|OMGOMGOMG! A cerebral introspective post! Yay!|
I came across an excellent article in “The Atlantic” entitled “How to Land Your Kid in Therapy”. A parent and therapist explores the idea that focusing on our kids’ happiness too much might actually be predisposing them to become unhappy as adults.
If we just do the right thing, inform ourselves, advocate for our kids, stay attuned to their needs and involved in their lives, and prioritize their happiness then our children will grow up to be happy, amazing, successful adults and, of course, as a flip side to that we will get to enjoy having happy, amazing, successful adult children and all the social validation that comes along with that. Our investment in our children’s happiness isn’t entirely selfless. We view them as ‘masterpieces’ of sorts that we, as their parents, will be credited with helping to create.
But, the article suggests, the micro-managing that can easily result from that level of focus on a child’s happiness can potentially negatively impact the child’s ability to overcome discomfort and set backs that are inevitable in life and necessary to overcome in order to be happy:
Some parents swoop in immediately, pick up the toddler, and comfort her in that moment of shock, before she even starts crying. But, [Paul Bohn, a psychiatrist from UCLA] explains, this actually prevents her from feeling secure—not just on the playground, but in life. If you don’t let her experience that momentary confusion, give her the space to figure out what just happened (Oh, I tripped), and then briefly let her grapple with the frustration of having fallen and perhaps even try to pick herself up, she has no idea what discomfort feels like, and will have no framework for how to recover when she feels discomfort later in life. These toddlers become the college kids who text their parents with an SOS if the slightest thing goes wrong, instead of attempting to figure out how to deal with it themselves. If, on the other hand, the child trips on the rock, and the parents let her try to reorient for a second before going over to comfort her, the child learns: That was scary for a second, but I’m okay now. If something unpleasant happens, I can get through it. In many cases, Bohn says, the child recovers fine on her own—but parents never learn this, because they’re too busy protecting their kid when she doesn’t need protection.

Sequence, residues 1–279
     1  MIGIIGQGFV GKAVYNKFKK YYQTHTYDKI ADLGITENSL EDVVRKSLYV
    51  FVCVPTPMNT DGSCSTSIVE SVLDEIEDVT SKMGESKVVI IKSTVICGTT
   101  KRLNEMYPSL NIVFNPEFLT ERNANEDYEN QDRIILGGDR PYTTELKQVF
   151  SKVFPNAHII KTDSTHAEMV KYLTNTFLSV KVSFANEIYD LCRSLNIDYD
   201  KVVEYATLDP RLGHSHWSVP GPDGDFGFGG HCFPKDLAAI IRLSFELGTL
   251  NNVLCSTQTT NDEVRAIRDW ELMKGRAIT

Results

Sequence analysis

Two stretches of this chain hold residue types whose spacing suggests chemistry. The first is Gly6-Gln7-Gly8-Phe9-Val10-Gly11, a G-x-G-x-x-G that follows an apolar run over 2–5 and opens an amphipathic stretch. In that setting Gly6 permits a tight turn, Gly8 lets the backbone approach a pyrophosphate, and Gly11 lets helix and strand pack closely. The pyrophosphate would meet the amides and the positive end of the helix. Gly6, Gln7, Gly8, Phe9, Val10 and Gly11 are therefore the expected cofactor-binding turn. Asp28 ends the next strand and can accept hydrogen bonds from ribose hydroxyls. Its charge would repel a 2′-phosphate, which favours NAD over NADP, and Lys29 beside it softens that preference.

Right now my four year old is enrolled in a cooperative preschool. All in all it’s a great program and we’re very lucky to be a part of it. It’s an interesting microcosm when it comes to involved, child focused parenting because the group of parents that self-select in have to be willing to not only spend one day a week working in the classroom but also attend monthly parent education meetings and fulfill one other preschool related position or duty.
So it’s an environment chock full of parents who are actively focused on being well intentioned, involved, and informed. Which is infinitely preferable to being surrounded by parents who are irritated that their kids keep messing up their lives by having kid problems like sharing and potty training instead of real, adult problems like that TV show that you want to watch right now, that stuff you want to buy, and the alone time you need time to deal with the horror that was that one guy totally taking your parking space.
But sometimes I wonder if an environment where focus on parenting is so prevalent not only encourages potential pitfalls for the kids like the micro-managing, helicopter parenting described by Bohn above but also for similar stumbling blocks for the grown ups.
At least for me, there’s a tendency to think that as informed, attuned advocate for my kids there’s always some kind of magic bullet out there to fix an uncomfortable phase in parenting and it’s my job to find it.
Like, “Your kid isn’t sleeping? Here’s a hand out on bedtime routines. Obviously where there’s one hand out there’s 87 more so seek out that information too. Try those tips and tricks. And there’s developmental research. Familiarize yourself with that. If that isn’t working then why isn’t it working? Go to a parent education lecture. Discuss this with your peers. Is it a medical issue? Is it this issue really a symptomatic of a larger issue? Try more one on one time with your child, more involvment in her life, see what else is causing her to behave this way. That’s still not working? What else can you do? There’s always something else to do. This is a problem. We must solve it and until we do we will DO ALL THE THINGS.”
But in reality not all uncomfortable times or problems have solutions and sometimes being laser focused on “solving the problem” leads to losing perspective on whether the problem is really that big of a problem after all.
Being an informed, pro-active parent is important but there can be too much of a good thing. It’s also important to able to step back, take a breath and say, “You know what? This aspect of parenting just sucks right now. But everything worth doing or having sucks sometimes. I don’t agree with everything my tax dollars go towards. It’s a bummer bacon has calories. Labor hurts. I wish I could attach a Swiffer to the cat’s tail so she’d just clean up all the fuzz she leaves in her wake. But whatever. I’ll deal. Yin and yang and darkness to see the stars and all that. Life is messy. And speaking of dealing – who wants wine?”